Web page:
• $\begingroup$ I agree that your integral is divergent. This can be also seen by just expanding your result around a=0. My question: whether a series expansion is permissible on both sides. If yes, then it would be an infinite sum of finite terms/integrals. One of which would be the integrand in the question. In some way, the divergence will be regulated with 1/a kind of term. $\endgroup$
    – BabaYaga
    Jul 2, 2022 at 7:01
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In version 13 on Windows 10:

Series[Log[x]/x (Exp[-x*y] - 1), {x, Infinity, 2}, Assumptions -> x > 0 && y > 0] // Normal

$\frac{e^{-x y} \log (x)}{x}-\frac{\log (x)}{x}$

shows the integral under consideration diverges at infinity so the result in version 12 is not correct. Version 13 reports the divergence when executing Integrate[Log[x]/x (Exp[-x*y] - 1), {x, 0, Infinity}, GenerateConditions -> True].

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  • $\begingroup$ Well, not really! This is a finite integral (plus-distribution). Mathematica 12.0.0 is giving the correct result. See math.stackexchange.com/questions/2665891/… $\endgroup$
    – BabaYaga
    Jun 30, 2022 at 12:54
  • $\begingroup$ Sorry, this link is not math, but science fiction. $\endgroup$
    – user64494
    Jun 30, 2022 at 13:21
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    $\begingroup$ Sorry, this link might be science fiction. But this integral is doable and finite. One approach would be to start with a different integrand like x^(-1+a) (Exp[-y x] -1) and do a derivative wrt y. With this, the RHS will become simpler integration. Then one needs to series expand both sides (after y integration as well) in a and from the coefficient you will see that the coefficient of a term will lead to this integrand with the result stated in the question which is also correctly produced by Mathematica12.0.0. The integrand is logarithmically divergent but integrable. $\endgroup$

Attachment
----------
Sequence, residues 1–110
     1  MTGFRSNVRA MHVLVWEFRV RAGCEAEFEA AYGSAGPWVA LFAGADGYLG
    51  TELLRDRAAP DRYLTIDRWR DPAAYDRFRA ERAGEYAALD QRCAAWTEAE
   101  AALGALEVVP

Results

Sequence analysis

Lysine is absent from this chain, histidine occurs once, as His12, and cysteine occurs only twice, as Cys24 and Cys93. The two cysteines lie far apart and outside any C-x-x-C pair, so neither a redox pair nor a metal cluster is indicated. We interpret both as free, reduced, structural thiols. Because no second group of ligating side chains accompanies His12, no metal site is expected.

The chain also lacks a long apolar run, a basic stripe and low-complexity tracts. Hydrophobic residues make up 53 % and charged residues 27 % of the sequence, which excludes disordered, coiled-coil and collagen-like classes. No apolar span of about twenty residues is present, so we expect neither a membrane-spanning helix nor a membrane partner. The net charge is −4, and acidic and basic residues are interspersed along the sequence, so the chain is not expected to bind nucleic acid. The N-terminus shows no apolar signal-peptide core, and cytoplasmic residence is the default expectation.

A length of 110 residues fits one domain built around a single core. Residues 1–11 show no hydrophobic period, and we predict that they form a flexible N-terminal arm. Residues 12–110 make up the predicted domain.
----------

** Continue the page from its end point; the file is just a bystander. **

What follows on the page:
– BabaYaga
    Jun 30, 2022 at 15:08
  • $\begingroup$ Sorry, I have nothing to discuss with you in such manner. $\endgroup$
    – user64494
    Jun 30, 2022 at 15:26
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    $\begingroup$ I am not sure whether I upset you or you just don't want to chat or you believe my claim is wrong. Somehow I do not find clarity in your current answer. And I also tried to provide a derivation (see edit) if that is what you meant. Nevertheless thanks for engaging. $\endgroup$
    – BabaYaga
    Jun 30, 2022 at 15:54